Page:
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EMitton
11th November 2002, 07:45
I recently rigged up a makiwara (not a real one; more like pads taped to the cinderblock wall of my dormitory room) and so far, I think it's great. It has really helped my form improve. However, I've heard rumors that makiwaras can lead to arthritis as you age. Is this true? Is there a way to avoid the joint problems? The simple fact is, the ability to type will probably be more important to me making a living than the ability to fight.

Any insight into this would be greatly appreciated. It seems like a great training aid, but I don't want to do something I'm going to really regret a few decades down the line.

Thanks,
Eric Mitton

Rogier
11th November 2002, 09:03
do a search of the forum with the word makiwara.. you'll find that it has been discussed before...

Ginko
11th November 2002, 16:07
The keys to makiwara trainig are: the proper amount of "give" to the makiwara & the proper training methods. Make sure that the makiwara is not overly stiff. The best instructional on how to use a makiwara can be found at:

http://www.dragon-tsunami.org/Tsunami/Pages/uchi2rev.htm

Bruce Mitchell
11th November 2002, 16:34
I would posit that a makiwara attached to a wall does not have the correct "give" and will damage your hands. My understanding from reading, and very limited use of a makiwara is that they are intended to develope coordinated movement of the body, and power, BUT not to "condition" your hands (although some conditioning does take place it is secondary to the goals of makiwara training).

You might want to suppliment your makiwara training with dexterity exercises for your hands (I've seen a book once this once, sorry, but I forget the title). Good luck with your training.

EMitton
11th November 2002, 17:01
Bruce: Thanks, that helps. I'll see if I can figure out how to make it give more. Unfortunately it will probably be quite a few years before I'm living in a house with a yard where I can build a proper, buried one. I definately am not using it to condition my hands, but instead to try to improve hip rotation and form.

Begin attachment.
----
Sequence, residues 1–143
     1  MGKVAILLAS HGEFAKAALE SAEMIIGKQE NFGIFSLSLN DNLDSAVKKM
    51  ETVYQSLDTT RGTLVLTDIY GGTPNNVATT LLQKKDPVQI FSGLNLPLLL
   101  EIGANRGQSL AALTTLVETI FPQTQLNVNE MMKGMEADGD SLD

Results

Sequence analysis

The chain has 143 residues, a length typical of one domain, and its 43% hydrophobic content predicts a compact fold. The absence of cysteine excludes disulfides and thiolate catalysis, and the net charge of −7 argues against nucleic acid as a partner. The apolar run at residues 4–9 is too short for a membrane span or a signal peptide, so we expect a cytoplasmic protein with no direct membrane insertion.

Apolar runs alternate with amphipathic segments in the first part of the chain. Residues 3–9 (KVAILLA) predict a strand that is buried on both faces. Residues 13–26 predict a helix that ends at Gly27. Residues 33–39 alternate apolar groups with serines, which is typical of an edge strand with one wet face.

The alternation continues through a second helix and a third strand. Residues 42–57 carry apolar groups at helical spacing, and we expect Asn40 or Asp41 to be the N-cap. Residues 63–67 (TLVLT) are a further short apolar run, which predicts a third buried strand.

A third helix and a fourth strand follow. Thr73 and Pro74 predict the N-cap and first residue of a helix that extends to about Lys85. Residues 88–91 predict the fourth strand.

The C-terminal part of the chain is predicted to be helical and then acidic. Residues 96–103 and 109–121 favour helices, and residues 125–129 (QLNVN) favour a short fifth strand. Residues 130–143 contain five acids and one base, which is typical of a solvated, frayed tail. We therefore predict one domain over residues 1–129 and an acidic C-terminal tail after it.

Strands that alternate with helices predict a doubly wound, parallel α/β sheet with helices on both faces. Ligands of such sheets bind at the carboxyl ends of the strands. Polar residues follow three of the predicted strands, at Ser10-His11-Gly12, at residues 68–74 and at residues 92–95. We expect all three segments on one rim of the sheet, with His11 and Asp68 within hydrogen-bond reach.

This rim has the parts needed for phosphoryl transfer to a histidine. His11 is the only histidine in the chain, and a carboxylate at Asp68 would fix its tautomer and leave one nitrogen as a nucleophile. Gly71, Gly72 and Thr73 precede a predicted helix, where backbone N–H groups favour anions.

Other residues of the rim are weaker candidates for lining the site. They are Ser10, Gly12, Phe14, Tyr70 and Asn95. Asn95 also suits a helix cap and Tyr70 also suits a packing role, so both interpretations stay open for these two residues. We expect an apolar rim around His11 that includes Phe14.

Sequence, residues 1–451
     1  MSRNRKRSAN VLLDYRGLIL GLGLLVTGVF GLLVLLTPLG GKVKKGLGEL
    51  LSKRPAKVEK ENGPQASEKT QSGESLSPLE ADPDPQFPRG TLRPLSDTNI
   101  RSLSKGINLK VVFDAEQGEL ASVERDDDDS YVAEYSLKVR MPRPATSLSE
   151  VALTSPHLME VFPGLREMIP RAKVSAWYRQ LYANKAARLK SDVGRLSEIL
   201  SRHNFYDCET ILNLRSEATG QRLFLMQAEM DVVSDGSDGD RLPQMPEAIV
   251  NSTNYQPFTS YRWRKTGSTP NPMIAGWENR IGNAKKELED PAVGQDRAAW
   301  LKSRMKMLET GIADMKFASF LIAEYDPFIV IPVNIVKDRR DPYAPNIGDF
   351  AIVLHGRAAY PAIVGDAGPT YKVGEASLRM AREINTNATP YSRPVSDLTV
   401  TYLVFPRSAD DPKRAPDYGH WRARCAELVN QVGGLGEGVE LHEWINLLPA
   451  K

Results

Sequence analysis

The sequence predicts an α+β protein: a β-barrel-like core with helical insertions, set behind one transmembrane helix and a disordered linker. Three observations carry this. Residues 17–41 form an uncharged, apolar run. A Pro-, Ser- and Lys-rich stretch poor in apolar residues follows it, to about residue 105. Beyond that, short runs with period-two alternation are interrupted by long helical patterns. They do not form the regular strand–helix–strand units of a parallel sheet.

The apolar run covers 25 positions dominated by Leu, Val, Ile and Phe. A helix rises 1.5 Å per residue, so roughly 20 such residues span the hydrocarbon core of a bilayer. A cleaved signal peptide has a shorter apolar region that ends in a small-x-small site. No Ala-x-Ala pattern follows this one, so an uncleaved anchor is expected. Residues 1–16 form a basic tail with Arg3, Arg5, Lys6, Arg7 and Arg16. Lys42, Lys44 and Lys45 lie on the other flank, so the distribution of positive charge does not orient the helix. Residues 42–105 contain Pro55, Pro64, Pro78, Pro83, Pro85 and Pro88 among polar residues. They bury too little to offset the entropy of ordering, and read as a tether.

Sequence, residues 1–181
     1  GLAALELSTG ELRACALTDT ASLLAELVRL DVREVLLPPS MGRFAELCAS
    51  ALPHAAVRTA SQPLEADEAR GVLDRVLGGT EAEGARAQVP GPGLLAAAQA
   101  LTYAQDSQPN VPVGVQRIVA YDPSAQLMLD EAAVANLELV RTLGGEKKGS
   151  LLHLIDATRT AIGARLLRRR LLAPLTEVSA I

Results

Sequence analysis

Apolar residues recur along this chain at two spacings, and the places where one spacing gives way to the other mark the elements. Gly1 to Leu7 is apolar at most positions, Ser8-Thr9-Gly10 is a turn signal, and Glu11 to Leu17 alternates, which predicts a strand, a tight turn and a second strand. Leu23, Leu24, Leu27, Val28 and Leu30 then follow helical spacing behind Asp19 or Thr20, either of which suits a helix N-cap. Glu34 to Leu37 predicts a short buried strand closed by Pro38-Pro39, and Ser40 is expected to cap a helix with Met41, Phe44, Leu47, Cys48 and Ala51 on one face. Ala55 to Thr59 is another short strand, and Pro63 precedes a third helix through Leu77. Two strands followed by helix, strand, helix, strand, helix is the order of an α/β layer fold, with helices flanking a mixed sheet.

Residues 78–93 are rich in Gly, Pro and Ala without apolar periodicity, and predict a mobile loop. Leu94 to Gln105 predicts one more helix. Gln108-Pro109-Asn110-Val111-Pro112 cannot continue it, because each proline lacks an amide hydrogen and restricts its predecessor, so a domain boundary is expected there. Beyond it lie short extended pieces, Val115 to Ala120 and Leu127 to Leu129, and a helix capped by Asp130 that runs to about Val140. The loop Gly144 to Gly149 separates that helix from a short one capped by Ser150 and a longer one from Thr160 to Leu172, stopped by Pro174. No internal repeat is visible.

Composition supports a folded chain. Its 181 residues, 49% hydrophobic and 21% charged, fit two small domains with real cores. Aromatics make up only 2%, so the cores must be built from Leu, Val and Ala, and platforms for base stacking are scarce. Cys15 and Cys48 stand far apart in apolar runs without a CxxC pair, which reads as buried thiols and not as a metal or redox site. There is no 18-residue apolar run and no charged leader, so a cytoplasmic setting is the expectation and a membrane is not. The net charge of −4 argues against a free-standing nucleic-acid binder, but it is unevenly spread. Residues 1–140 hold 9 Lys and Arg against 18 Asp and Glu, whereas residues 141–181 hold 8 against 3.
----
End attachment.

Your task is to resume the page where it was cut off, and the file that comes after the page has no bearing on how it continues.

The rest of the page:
Originally posted by Rogier
do a search of the forum with the word makiwara.. you'll find that it has been discussed before...

Rogier,

Both the thread "Is the makiwara still valid" and "Kotekitae and body hardening" were very interesting reads, but they touched on the possible health problems associated with makiwaras only glancingly. In the former, I was able to discern that jow may help harden bones, and vinegar is dangerous. But I couldn't find any info on proper makiwara construction or technique to avoid long-term problems (especially people's first-hand experiences with the health effects of long-term makiwara training).

Thanks,
Eric Mitton

Ginko
11th November 2002, 18:09
In the interenst of equal time, here is an anti-makiwara article:

http://www.24fightingchickens.com/shotokan/101/28_makiwara.html

Steven Malanosk
12th November 2002, 02:42
The makiwara, in name and design, is indigenous to Okinawa.

Yes, if there is no give, or too much give, it can cause problems.

Try the Chinese striking bag, that filled with sand, rice, beans, etc., mounted on the wall, collapses on impact, so as to absorb the strike, rather than inanimately resisting, thus sending a shock through your skeletal structure.

If you are not familiar with it, see some of the old pictures of Bruce Lee training at home.

Another idea, is if you are living in a decently built structure, nail a 2 by 6 across your window frame, and put the maki on the center. Never hit it with the window closed though.:eek:

As far as arthritis: Use the makiwara, as prescribed by a qualified know it all. Misuse it, and there is no warranty.

If your skeletal structure is not aligned, your askin for trouble.

Rogier
12th November 2002, 07:30
The makiwara, in name and design, is indigenous to Okinawa.

yes but many people tend to forget that these people also worked with their hands all day and they did so from a very young age. So their hands were already accustomed to some abuse..

The biggest abuse most people give their hands nowadays is typing the keyboard to hard or washing them to many times...